Don’t get me wrong. The concept of a Rapid Response Team is attractive. It isn’t hard to find patients who die in hospitals or require emergent transfer to the ICU in whom evidence of deterioration was present for hours – sometimes days – before the crash.
Indeed. Wachter goes on to mention Joint Commission’s 2008 National Patient Safety Goals number 16 of which states:
The organization selects a suitable method that enables health care staff members to directly request additional assistance from a specially trained individual(s) when the patient’s condition appears to be worsening. [Critical Access Hospital, Hospital]
This is rather vague, to Joint Commission’s credit, in that it allows individual institutions to fashion a method that meets their individual needs in this area. Wachter’s interpretation is that each hospital have a system in place to identify deteriorating patients and intervene. Such a system may or may not take the form of a RRT in the usual sense.
California Medicine Man, acknowledging the scarcity of data in support of RRTs, notes that some of the things such teams can do, such as administration of fluid boluses and respiratory treatments, just make sense. Moreover, the nurses feel more confident when such teams are available.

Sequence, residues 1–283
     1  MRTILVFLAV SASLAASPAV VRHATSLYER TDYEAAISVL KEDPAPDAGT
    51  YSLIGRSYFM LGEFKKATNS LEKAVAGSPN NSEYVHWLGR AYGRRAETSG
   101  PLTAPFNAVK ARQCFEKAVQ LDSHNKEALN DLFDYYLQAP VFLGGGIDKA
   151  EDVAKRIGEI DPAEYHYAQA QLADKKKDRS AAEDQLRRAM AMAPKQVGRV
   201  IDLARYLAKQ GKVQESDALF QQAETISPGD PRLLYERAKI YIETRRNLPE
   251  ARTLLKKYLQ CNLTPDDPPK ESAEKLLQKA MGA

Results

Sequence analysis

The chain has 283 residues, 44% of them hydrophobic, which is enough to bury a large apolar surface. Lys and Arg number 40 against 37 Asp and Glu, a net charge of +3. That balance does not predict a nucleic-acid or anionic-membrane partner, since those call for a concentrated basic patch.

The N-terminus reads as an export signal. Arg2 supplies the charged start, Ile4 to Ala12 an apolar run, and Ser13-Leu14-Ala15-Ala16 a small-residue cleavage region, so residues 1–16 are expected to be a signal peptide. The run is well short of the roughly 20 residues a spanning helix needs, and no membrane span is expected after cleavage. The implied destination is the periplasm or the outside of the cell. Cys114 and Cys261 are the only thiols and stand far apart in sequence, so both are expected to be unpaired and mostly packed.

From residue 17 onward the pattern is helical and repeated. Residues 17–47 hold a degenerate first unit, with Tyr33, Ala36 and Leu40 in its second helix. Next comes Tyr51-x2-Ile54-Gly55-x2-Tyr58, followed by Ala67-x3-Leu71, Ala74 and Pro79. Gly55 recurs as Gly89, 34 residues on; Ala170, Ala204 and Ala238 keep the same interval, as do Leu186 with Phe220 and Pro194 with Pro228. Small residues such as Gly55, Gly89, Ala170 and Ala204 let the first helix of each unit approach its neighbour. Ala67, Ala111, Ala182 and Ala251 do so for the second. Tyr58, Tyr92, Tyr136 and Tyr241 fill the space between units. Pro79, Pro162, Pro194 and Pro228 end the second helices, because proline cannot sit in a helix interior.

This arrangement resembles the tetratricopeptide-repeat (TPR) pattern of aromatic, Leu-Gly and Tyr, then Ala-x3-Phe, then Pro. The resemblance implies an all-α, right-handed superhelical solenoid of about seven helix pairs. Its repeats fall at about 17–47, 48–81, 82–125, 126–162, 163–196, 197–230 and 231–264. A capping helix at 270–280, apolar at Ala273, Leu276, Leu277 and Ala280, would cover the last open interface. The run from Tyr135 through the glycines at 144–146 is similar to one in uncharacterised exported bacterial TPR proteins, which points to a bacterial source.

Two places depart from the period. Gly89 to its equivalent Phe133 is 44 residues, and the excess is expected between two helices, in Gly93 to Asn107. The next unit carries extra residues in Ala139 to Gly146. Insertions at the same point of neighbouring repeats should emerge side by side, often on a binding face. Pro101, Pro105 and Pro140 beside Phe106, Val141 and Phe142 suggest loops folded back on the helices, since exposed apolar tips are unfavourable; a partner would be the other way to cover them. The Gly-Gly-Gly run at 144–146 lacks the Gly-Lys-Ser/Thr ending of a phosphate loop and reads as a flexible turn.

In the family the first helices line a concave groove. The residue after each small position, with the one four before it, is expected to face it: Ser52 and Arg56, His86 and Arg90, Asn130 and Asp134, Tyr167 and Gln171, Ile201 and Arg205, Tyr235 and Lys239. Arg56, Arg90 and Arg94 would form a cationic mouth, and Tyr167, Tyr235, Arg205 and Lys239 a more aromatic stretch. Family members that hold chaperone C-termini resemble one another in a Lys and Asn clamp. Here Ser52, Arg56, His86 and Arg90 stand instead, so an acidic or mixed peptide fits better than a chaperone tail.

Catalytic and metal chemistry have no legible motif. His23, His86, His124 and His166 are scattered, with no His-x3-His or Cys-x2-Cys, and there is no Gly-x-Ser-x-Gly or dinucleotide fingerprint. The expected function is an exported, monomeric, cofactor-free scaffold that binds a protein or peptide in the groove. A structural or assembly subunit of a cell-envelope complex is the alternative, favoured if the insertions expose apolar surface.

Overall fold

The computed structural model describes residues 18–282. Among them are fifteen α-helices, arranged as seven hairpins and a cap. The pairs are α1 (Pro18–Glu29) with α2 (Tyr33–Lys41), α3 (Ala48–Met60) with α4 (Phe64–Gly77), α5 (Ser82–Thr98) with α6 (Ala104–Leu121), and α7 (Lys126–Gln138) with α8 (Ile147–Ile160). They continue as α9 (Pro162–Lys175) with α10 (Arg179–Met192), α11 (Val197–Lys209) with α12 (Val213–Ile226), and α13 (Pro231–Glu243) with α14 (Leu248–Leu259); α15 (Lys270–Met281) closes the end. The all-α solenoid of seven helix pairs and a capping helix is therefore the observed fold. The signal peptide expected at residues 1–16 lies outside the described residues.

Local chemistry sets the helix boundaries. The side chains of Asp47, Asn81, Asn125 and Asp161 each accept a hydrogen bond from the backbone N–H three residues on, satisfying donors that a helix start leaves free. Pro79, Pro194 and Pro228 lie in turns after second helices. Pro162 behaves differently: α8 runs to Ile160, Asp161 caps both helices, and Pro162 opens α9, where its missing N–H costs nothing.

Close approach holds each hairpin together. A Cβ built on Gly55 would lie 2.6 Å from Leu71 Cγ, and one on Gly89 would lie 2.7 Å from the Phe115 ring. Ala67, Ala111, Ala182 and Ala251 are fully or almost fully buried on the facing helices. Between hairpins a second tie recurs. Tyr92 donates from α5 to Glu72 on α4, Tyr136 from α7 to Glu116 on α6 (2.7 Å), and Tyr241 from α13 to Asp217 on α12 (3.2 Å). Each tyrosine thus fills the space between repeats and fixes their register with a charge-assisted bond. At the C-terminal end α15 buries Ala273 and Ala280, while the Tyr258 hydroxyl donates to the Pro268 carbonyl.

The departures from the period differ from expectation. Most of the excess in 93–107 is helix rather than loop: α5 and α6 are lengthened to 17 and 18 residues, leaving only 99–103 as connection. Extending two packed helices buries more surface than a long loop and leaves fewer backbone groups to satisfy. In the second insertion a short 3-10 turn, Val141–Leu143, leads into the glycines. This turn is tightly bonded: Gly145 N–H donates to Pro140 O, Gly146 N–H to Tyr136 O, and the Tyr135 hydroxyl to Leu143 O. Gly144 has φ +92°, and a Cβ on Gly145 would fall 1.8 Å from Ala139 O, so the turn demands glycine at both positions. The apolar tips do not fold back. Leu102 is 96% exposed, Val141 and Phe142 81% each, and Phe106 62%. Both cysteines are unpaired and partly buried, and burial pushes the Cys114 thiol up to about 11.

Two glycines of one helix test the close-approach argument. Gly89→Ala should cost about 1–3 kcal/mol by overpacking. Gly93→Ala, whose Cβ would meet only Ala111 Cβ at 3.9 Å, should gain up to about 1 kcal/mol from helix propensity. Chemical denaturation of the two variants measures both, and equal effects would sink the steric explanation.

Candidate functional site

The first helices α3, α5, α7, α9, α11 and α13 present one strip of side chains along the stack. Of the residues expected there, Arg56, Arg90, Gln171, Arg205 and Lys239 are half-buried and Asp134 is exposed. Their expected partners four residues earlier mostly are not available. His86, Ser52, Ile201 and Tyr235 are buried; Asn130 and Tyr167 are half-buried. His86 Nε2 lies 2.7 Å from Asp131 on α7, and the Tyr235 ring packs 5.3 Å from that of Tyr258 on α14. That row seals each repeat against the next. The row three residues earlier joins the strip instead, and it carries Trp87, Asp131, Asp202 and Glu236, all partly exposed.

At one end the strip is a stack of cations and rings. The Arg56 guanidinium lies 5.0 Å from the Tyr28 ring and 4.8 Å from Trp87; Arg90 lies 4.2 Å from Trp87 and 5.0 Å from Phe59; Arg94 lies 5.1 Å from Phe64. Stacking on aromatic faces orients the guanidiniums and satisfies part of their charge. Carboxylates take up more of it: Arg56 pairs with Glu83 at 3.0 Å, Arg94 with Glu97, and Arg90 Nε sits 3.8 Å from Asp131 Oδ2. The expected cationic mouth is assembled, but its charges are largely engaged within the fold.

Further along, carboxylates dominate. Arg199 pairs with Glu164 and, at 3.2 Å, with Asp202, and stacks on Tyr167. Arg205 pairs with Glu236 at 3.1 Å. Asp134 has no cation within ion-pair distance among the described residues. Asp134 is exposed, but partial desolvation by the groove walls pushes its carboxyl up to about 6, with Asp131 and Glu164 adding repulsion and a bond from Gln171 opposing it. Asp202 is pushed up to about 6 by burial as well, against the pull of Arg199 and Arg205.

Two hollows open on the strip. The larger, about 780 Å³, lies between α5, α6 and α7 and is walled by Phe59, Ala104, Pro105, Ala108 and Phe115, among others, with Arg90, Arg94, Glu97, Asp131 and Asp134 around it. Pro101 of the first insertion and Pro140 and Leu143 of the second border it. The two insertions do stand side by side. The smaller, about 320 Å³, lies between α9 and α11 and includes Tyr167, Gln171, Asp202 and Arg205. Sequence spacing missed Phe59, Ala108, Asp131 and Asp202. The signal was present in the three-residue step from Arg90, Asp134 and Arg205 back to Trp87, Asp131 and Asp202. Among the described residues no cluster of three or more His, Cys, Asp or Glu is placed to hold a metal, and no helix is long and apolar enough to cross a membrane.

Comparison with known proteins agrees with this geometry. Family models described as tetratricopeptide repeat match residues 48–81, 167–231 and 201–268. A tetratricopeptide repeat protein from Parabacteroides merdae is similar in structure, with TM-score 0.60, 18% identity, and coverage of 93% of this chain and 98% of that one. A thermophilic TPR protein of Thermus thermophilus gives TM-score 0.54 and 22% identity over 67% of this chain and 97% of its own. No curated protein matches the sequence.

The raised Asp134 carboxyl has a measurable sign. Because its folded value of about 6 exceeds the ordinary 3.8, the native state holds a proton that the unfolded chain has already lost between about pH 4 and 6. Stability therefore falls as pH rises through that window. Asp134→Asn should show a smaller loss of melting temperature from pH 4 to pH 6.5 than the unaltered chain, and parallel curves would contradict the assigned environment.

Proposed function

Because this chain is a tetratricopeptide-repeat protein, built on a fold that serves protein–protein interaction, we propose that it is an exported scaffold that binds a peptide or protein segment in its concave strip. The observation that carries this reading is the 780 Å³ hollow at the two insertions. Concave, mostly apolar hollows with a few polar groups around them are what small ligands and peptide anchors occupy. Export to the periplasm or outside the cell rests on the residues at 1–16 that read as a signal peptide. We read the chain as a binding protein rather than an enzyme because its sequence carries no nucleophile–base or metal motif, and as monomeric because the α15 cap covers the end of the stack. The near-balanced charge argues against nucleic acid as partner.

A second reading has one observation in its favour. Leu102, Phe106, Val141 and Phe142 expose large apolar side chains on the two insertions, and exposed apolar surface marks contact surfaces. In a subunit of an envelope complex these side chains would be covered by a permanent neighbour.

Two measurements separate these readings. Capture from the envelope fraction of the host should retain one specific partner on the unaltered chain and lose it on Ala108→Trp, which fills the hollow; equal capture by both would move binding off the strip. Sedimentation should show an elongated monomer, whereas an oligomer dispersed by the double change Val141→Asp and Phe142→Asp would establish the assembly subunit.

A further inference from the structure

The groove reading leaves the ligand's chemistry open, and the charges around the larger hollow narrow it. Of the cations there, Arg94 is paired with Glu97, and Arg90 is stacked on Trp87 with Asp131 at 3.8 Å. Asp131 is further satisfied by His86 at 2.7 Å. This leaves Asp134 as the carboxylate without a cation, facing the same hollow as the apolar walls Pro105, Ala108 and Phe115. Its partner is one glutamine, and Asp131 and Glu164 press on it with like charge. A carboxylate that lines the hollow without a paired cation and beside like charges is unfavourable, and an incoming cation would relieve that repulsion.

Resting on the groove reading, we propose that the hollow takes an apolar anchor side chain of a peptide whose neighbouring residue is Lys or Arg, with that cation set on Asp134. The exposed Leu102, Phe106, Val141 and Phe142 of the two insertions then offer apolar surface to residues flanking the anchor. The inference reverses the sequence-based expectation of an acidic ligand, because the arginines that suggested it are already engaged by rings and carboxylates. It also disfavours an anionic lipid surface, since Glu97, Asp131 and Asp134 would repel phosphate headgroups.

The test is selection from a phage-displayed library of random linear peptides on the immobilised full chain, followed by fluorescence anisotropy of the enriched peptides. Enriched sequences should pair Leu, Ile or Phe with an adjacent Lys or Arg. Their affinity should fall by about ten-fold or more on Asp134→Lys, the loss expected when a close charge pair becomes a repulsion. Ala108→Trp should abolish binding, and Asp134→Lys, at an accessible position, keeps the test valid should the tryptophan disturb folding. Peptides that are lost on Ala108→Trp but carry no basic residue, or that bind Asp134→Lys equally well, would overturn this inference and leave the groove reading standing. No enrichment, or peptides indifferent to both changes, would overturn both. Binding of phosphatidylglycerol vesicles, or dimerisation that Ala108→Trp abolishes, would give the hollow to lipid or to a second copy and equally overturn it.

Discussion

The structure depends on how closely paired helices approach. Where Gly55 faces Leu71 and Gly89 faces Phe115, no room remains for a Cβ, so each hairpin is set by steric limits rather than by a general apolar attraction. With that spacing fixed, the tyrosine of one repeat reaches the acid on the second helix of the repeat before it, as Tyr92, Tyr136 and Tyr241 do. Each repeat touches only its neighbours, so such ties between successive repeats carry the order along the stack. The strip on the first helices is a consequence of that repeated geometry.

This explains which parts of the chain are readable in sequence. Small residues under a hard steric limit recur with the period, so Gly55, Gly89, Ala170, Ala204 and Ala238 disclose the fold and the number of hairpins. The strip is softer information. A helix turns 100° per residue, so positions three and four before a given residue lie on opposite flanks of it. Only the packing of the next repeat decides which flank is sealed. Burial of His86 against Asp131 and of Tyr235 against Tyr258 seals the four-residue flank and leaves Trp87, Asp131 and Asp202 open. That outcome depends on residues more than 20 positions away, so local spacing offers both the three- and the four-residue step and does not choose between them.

If RRTs are such a good idea who cares if they aren’t “evidence based?” If a RRT suits your hospital’s needs maybe you don’t need a study to justify it. It’s all well and good up to a point. It becomes problematic when unsupported claims are made (“we’re saving lives”) or rigid mandates are promulgated. That’s when I’ll say “show me the evidence.”
So, what does the evidence say? I’ve previously noted the lack of evidence in support of RRTs. Last month I blogged about a more recent systematic review which again failed to support RRTs. Wachter cited some more recent studies. Just out in JAMA is a paper showing a reduction in mortality associated with a RRT in a children’s hospital. Can such results be extrapolated to adult hospital medicine? Probably not. Things move faster in pediatrics. Compared to adult medicine everything in pediatrics is stat.
Perhaps the most interesting study Wachter mentioned was this one which demonstrated a remarkable reduction in mortality. In fact, the authors estimated that by the end of the study period the NNT to save one life was 3! Astounding! But take a closer look at what they really did. It wasn’t a RRT as we generally think of it. It was really early goal directed therapy.
So it all depends on what we really mean when we speak of RRTs. I suspect for many hospitals RRTs meet an important need. For others they may be no more than a promotional gimmick, an exercise in symbol over substance.